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By Shannon Fable

Keeping your sales funnel primed with new prospects is important for long-term success in the fitness industry. But, we have a problem. We’ve only been taught a few ways to get in front of new prospects and how we’ve been taught to ‘pick up’ clients is antiquated. What’s worse is the strategies many trainers are using may be eradicating trust in fitness professionals, which makes your job even harder! It’s time to change the narrative to increase and diversify our clientele!

Trust is the cornerstone of sales and marketing. So, what is it? It’s more than saying ‘trust me’ and assuming your credentials say it all. Here’s a formula from The Trusted Advisor, by David Maister, Charles Green, and Robert Galford:

I think we can agree, displaying the ingredients by walking up to someone on the workout floor one time or meeting up with a potential client in a fitness consultation for an hour is just not possible. It might take longer than that. Couple the need for an extended timeline with the fact that each of these ingredients is very personal and based on everyone’s unique reality, and you’ll start to understand why we need more touch points and different ways to show prospects what we can do.

Trust is crucial because we make purchases proportionate to the amount of trust we have in a person or a product. If you can build a sales process that allows you to successfully build trust over time you can systematically increase the money you ask for and how long your clients will stay. We need to reframe and rethink how we expose potential clients to what we have to offer. We must think about the long game. I always say, turn the focus to “crock potting” clients instead of “microwaving” them!

So, how can you build trust over time? Simple; provide lots of options for people to learn about you, try your services, and invest in working with you. These options need to work together versus simply existing together like a vending machine. All options must exist on a continuum of risk and investment. In other words, from free to premium price, from easy to more challenging to access. Keep in mind, the perfect sales cycle doesn’t mean a client must start at the bottom and work his way up to your highest priced or highest risk offer. And, the lesser risk or lesser priced items shouldn’t be used just as a drop sale or the consultation prize! All things you offer are of equal value, just delivered in a different way. The Sales Cycle Concept provides lots of places where people can jump in and jump out over weeks, months, or even years. (For more information on the Sales Cycle I’m describing, you’ll want to read Book Yourself Solidby Michael Port.)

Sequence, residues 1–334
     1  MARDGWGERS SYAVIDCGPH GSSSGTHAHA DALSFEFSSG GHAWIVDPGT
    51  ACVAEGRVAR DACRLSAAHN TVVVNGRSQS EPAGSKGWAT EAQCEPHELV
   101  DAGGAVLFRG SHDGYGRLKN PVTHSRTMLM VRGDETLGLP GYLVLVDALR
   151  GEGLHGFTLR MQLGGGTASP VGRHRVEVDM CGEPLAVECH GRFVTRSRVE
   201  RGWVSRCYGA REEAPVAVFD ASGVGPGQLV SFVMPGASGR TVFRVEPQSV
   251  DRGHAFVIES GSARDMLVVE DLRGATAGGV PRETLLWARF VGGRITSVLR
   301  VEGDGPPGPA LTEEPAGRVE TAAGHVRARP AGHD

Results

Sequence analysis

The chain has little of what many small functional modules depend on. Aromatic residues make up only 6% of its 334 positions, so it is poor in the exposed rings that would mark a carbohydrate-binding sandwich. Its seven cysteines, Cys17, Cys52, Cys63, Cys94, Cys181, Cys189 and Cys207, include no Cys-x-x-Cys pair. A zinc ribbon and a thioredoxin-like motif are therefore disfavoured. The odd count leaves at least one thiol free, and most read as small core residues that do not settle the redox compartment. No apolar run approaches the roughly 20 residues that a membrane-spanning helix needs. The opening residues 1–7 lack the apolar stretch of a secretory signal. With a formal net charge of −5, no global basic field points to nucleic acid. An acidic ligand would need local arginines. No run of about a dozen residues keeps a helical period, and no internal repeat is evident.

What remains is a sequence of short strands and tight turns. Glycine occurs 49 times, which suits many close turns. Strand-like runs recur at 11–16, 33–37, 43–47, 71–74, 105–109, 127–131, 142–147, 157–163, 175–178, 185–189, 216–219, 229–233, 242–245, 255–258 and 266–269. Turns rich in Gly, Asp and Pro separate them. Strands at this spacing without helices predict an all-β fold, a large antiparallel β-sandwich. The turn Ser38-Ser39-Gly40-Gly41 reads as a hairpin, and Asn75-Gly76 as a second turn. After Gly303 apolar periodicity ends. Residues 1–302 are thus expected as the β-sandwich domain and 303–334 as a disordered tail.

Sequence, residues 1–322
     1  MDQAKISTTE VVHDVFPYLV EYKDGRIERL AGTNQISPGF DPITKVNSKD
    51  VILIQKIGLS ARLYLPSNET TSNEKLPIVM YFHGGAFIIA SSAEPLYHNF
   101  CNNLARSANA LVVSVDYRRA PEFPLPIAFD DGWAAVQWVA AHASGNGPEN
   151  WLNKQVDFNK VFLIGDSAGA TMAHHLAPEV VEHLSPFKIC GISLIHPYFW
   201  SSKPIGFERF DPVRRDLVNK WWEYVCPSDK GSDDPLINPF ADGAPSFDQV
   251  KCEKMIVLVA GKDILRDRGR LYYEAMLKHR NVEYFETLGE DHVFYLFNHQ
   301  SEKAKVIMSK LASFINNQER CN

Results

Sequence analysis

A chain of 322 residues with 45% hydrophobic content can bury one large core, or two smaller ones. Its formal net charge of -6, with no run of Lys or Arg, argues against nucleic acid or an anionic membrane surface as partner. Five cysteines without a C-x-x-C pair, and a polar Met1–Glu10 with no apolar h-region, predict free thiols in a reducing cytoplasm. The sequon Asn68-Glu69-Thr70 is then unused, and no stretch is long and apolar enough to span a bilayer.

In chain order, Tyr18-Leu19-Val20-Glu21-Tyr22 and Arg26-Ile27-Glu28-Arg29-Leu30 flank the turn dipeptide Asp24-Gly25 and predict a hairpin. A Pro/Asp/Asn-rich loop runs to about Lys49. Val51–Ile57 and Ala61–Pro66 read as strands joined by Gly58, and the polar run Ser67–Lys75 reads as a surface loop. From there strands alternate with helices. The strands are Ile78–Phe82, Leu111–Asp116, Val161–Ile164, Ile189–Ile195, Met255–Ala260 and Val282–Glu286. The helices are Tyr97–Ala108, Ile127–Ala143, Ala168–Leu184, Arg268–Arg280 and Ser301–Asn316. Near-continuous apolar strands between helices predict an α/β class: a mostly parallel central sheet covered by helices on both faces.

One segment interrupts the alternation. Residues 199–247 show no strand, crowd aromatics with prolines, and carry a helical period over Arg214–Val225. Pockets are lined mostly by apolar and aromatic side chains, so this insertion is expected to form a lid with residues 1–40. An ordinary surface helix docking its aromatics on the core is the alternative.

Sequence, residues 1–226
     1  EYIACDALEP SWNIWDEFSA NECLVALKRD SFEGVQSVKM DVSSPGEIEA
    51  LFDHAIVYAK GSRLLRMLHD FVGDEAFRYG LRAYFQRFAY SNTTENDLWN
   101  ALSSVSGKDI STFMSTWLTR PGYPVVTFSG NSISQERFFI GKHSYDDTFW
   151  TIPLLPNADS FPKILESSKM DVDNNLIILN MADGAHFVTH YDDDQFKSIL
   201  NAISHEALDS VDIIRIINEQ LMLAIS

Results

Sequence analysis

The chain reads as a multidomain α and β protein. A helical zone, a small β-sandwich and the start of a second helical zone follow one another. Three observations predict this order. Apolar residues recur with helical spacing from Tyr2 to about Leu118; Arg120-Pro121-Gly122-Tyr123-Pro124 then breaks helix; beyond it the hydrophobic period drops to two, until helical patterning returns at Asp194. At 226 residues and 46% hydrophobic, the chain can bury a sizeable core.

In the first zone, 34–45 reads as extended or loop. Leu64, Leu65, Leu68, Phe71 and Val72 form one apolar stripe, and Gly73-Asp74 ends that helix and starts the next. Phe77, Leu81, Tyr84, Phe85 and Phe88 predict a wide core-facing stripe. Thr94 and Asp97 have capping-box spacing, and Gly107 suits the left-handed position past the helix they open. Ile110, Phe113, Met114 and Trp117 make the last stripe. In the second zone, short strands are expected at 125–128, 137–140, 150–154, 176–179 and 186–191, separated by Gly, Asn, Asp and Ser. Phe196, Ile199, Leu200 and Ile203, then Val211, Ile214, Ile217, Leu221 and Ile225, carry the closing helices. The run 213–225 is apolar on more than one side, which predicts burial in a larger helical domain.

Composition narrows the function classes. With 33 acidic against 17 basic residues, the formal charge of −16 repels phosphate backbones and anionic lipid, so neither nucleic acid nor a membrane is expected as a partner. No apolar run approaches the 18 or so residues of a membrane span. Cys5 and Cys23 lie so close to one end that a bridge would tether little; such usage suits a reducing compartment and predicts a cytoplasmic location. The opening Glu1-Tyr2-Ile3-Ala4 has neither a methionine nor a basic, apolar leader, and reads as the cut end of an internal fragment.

Once you’ve built your sales cycle, you’ll need to focus on ways to expose prospects to your options. Self-promotion (or marketing) does not get you clients; it just gets you awareness. But, you need the awareness to start the trust building process. Once they become aware, they check you out and see if you’re worth their time! Then, if the answer is yes, they extend their hand and give you the opportunity to build trust and credibility over time. To get to this point, you must give away information strategically. And, perhaps, give away more than you feel comfortable giving to start the dance.

As you promote yourself and get people into your sales cycle, you’ll want to:

Keep Track – Keep track of what you’ve tried, who you’ve met, where you met them, what you’ve offered, what they’ve tried, and anything else that will make each interaction specific and meaningful. When an offer feels personal, trust goes up.

Keep in Touch – Stay in touch even (and more importantly) when they don’t buy. This is the single most important step in landing long term clients. Most people don’t buy on the first try, but you’ll eventually get the sale if you show up when the timing is right. But, you can’t just ‘pop’ back in … you need to have been there all along offering assistance without expecting anything in return. Score one more in the trust column.

Keep Trying –Every so often, offer something new! You don’t offer each time you talk, but try a 3:1 ratio. Give and connect three times for every one offer you make. This includes your electronic direct outreach and social media strategies, as well as in person. Just casting the net over and over doesn’t ensure you catch fish. You have to lure people by trying in a meaningful way.

Of course, you can continue the fitness consultation (free session) and working the floor. These are age-old ways to build your leads. But, I can guarantee, if you shift your mindset from trying to get married on the first date to how you can just get to coffee and then progress to lunch, drinks, then dinner, you’ll be better off in the end.